ON A tiny island that seems to be drifting away from the others in its archipelago, the retired Captain and his wife Alice are locked in conflict, as they have been throughout the 25 years of their marriage.
Dance Of Death | Rating: **** | Citizens’ Theatre, Glasgow
Selkie | Rating: *** | Oran Mor, Glasgow
He is an archetypal bullying patriarch much older than his wife, lustful, demanding, and incapable of accepting responsibility for any part of their marital discord; she gives as good as she gets, flaunting her physical elegance and beauty in his ruddy face, even as the pair of them stubbornly starve to death, the Captain having fallen out with their nearest neighbour the doctor, and everyone else who might have continued to deliver supplies.
This is Strindberg’s 1900 play Dance Of Death, in a superbly written new version by Glasgow playwright Frances Poet; and a fine, spare and vivid piece of theatre it makes, played out on a high transverse stage like an old wooden pier, in the confined space of the Citizens’ Circle Studio. Like almost all of Strindberg’s plays, Dance Of Death revolves around the idea of a life-or-death struggle between a man and a woman; but here, the drama is simplified to the point where the two seem absolutely evenly matched, with no home, goods or children left to argue over, and the result is both extreme and exhilarating.
Over the top as ever, Tam Dean Burn plays the whiskery patriarch with a leering, stylised physical force that somehow works, as a way of evoking the overweening male energy that his wife detests, but cannot resist; Lucianne McEvoy, as Alice, moves around the narrow stage like a flame-like streak of intense female energy, vividly beautiful in her deep aquamarine gown, superficially more rational, but fundamentally as obsessed with their fight-to-the-death as her husband. Andy Clark turns in a perfectly-pitched performance as their unexpected visitor Kurt, a helpless foil for their power-games, and witness to a duel so frighteningly single-minded that he finally takes to his boat and flees; and Candice Edmunds’s intensely physical and fluent production, with design by Graham McLaren and music by Luke Sutherland and Audrey Bizouerne, achieves a memorable poetic intensity, not easy to interpret in all its twisting depths, but impossible to ignore.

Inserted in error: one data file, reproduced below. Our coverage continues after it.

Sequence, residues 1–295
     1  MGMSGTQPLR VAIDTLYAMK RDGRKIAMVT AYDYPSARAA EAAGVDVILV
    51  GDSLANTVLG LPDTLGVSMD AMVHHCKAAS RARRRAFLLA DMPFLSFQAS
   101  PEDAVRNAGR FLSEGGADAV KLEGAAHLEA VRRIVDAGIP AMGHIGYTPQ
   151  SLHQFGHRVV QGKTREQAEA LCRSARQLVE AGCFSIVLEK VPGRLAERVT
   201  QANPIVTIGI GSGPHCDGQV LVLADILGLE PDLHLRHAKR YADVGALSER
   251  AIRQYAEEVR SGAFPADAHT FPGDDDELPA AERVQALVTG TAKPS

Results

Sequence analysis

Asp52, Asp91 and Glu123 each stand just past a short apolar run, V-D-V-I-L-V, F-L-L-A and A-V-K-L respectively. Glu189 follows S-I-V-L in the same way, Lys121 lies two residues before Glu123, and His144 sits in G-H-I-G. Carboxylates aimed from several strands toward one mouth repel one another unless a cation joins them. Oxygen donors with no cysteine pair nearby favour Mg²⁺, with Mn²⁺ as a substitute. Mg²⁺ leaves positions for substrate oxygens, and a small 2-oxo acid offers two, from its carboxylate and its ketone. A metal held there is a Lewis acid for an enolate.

An island also features in this week’s Play, Pie And Pint show at Oran Mor; but this time, the story is not of a man and woman locked in equal combat, but of the idea of the Selkie, the perfect, loving and biddable seal-wife who would – at a cost – abandon the sea, and come to live with the kind of man who finds a real woman too frightening a partner. In this new three-handed drama by Kay Singh – this year’s winner of the David MacLennan Award for a new emerging playwright – the central character, Mac, is a young man living in a 16th floor city flat, and apparently on the point of ending it all with pills and vodka, when his spiritual guides appear in Japanese Noh Theatre masks, and take him back to the island where he grew up.
Once home, he encounters both his father – a solitary man of few words with little love for his son – and the spirit of his mother, a fragile soul who one day decided to “return to the sea”, like the selkies in the stories she loved. In the end, there’s at least a little opening-up between father and son, a hint of mental health problems that destroyed a once-loving marriage; then Mac returns to his flat, where nothing much seems to have changed. It’s a short play, in other words, and its use of masks alongside naturalistic dialogue represents a risk; but Ross Mann’s lovely, nuanced central performance as Mac holds this wistful narrative together, in a promising Oran Mor debut for Kay Singh, deftly directed by Caitlin Skinner through the choppy waters of two very different theatrical styles.
• Both shows, final performances on Saturday